Cruising Through Safe Waters
For many young families, September means back to school. For folks who don't worry about homework or lunch programs, the fall brings relaxed travel. Aboard a cruise ship, perhaps.
Idyllic scenery, exotic ports of call, round-the-clock pampering... But what about pirates? Or the Norwalk virus? Remember The Titanic!
OK, so you're not scared of ice bergs. And millions of passengers sail without incident each year. But here are some safety and security tips worth remembering.
1. Attend the safety drill - and pay attention. Aboard the Concordia, which sank off the coast of Italy earlier this year, 700 of the 3200 passengers had not attended the safety briefing yet. Learn the route to your muster station and know where your life jacket is.
2. Be savvy. It's easy to let your guard down. A cruise ship is still a public place, full of strangers.
- Lock up your wallet, passport and other valuables in your cabin's safe.
- Don't invite strangers into your cabin.
- Avoid quiet, dimly lit areas.
- Drink in moderation.
3. Follow fire safety rules. Throwing a cigarette butt over the railing or lighting candles in your room can start a fire. And that's a bigger hazard for ships than ice bergs or rocks.
4. Wash your hands and use hand sanitizer, as directed throughout the ship. You're living in an enclosed area, sharing dining and entertainment with thousands of other people. Proper hygiene goes a long way toward protecting you against viruses.
Sources include: How to Stay Safe on a Cruise Ship, AARP
Blogging for Newbies
All you need are
You'll find plenty of advice in cyberspace about blogging. Some places to start:
Then there are issues of privacy and security. But that's another blog.
- Inspiration. What are you passionate about?
- Content. What can you write about Every. Single. Week. For years?
- Tools. AKA blogging software, such as WordPress or Blogger.
Grandma, a speed demon? Well, a scooter is hardly a Ferrari, but 15 km/h is pretty dangerous on a sidewalk. Increasingly, police forces are receiving complaints about speeding scooters and coroners are warning about low-visibility scooters contributing to accidents with motor vehicles.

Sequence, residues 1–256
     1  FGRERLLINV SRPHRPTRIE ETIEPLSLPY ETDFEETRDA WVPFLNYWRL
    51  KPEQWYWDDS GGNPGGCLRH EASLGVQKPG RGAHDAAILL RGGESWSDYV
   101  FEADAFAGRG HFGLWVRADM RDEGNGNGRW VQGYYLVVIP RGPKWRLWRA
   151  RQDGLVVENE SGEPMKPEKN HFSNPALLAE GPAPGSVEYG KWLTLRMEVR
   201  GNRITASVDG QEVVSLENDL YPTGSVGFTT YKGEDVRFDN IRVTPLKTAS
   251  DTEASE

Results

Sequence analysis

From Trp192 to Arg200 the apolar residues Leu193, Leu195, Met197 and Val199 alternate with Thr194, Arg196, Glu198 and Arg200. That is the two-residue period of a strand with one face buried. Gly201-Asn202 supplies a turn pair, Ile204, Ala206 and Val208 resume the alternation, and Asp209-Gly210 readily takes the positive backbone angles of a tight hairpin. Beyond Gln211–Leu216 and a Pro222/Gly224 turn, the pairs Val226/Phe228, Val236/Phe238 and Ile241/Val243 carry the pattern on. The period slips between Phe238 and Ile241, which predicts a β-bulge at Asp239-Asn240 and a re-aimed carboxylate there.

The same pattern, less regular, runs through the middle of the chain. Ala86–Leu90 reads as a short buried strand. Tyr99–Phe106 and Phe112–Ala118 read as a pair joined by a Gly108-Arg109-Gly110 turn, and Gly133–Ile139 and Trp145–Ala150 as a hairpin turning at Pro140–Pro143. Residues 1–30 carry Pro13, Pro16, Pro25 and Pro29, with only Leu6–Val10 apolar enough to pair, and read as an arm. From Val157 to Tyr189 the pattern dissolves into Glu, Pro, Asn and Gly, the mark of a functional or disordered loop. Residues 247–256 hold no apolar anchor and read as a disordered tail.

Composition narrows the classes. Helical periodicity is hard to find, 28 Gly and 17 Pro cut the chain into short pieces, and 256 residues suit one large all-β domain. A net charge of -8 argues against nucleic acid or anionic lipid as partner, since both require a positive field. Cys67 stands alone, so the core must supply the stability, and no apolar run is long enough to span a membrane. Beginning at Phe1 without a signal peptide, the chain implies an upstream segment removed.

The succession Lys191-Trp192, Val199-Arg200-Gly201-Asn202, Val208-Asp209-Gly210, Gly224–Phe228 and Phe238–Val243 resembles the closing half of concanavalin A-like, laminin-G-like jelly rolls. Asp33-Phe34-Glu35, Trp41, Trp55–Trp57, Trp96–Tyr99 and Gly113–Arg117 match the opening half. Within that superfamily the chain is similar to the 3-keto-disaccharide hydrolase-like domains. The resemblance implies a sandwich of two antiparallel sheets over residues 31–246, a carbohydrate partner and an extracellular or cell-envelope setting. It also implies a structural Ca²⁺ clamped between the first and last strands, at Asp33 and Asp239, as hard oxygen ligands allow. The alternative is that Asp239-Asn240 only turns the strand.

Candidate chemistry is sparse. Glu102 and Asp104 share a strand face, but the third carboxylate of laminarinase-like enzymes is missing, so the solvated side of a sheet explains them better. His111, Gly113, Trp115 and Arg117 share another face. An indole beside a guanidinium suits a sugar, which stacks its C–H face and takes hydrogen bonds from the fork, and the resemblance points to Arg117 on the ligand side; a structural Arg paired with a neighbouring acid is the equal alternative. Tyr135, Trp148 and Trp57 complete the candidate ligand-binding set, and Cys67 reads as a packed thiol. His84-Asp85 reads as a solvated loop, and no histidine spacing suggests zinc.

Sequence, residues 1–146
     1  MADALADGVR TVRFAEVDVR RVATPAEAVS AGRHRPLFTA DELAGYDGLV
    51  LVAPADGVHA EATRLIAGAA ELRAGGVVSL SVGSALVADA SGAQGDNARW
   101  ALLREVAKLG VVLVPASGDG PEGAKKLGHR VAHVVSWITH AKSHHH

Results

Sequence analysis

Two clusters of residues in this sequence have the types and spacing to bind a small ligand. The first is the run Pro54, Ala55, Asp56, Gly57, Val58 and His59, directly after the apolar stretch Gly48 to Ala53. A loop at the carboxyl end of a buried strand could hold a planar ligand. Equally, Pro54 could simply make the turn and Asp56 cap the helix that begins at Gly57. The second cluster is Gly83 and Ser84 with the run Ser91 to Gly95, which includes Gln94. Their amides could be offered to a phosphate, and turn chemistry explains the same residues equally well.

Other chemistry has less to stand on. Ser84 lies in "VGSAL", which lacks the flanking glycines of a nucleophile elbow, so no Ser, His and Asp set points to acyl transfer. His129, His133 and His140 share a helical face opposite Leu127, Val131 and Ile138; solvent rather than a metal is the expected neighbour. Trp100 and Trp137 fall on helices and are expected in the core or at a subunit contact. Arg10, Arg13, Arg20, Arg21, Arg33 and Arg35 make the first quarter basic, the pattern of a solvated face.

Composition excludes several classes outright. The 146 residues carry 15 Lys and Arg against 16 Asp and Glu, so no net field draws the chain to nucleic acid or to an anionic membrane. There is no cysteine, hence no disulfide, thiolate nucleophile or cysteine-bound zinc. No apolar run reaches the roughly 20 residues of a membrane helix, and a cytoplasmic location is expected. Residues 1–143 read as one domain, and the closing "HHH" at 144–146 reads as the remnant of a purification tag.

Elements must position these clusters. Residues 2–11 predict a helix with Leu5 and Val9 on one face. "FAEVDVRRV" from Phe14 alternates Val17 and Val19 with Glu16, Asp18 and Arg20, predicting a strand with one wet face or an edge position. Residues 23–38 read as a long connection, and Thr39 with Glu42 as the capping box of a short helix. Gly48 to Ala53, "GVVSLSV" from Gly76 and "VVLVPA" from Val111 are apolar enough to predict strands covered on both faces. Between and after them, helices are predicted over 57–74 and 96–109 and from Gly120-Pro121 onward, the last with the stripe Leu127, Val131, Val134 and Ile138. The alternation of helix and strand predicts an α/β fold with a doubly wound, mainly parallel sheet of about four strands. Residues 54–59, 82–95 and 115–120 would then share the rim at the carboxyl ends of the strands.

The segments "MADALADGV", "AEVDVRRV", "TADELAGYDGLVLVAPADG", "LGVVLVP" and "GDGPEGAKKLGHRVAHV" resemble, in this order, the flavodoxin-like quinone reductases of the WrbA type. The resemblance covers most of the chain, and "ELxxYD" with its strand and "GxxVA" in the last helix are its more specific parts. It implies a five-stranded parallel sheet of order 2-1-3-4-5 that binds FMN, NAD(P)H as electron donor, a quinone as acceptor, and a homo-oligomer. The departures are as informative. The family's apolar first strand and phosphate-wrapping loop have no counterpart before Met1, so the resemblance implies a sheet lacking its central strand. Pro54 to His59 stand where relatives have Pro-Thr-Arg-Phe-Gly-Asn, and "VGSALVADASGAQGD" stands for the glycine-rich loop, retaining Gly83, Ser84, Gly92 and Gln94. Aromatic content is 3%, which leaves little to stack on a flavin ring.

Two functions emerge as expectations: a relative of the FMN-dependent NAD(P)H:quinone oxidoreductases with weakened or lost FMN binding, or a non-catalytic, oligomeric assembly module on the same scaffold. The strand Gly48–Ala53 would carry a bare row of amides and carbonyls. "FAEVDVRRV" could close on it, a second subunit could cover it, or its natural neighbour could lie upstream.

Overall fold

Currently, motorized wheelchairs* are not regulated. No licenses are required; speed limits don't apply. When driving one, you are considered a pedestrian.
However, riders would be wise to learn how to manoeuvre a scooter safely. Speeding, tipping and ignoring traffic rules have led to fatal injuries, prompting police forces and other concerned citizens to organize scooter safety roadeos in Vancouver, Parksville and other B.C. communities.
The City of Richmond offers excellent road safety tips for scooters, including:
* Other low-powered vehicles such as Segways and mopeds are regulated. See ICBC for more details
Before you even consider fighting a small fire:
- Stay on the sidewalk. You are not a motor vehicle or a bicycle.
- Be courteous. Slow down around pedestrians and pull over to chat. Avoid honking.
- Take curb cuts and driveways "head on." Driving sideways could cause tipping.
- Increase your visibility. Use reflective strips and lights. Wear bright, reflective clothing.
What's On In
Renfrew Ravine Moon Festival
Renfrew Community Centre
Halloween Ghost Train
October 5 to 31
Vancouver Celebrates Diwali
See web site for venues
November 3 to 10
Circle Craft Christmas Market
Vancouver Convention Centre West
November 7 to 11
Jewish Community Centre of Greater Vancouver
Santa Claus Parade
Festival of Lights
VanDusen Botanical Garden
December 7 to January 1, 2012
What's in a (Pass)word?
SOME BASIC RULES
- Mix random upper and lower case letters, numbers and symbols
- Use more than six characters without any adjacent keys or consecutive digits
- Use a unique password for each login
- Choose easy-to-remember passwords
You may want to consider using a
Password Management Tool
Quick Safety Tip
Prevent trips and falls: Keep stairs and walkways clear and well lit.
Prevent fires: Keep candles away from doorsteps, walkways, landings and curtains. Place Jack-o-Lanterns on sturdy tables, away from small children and pets.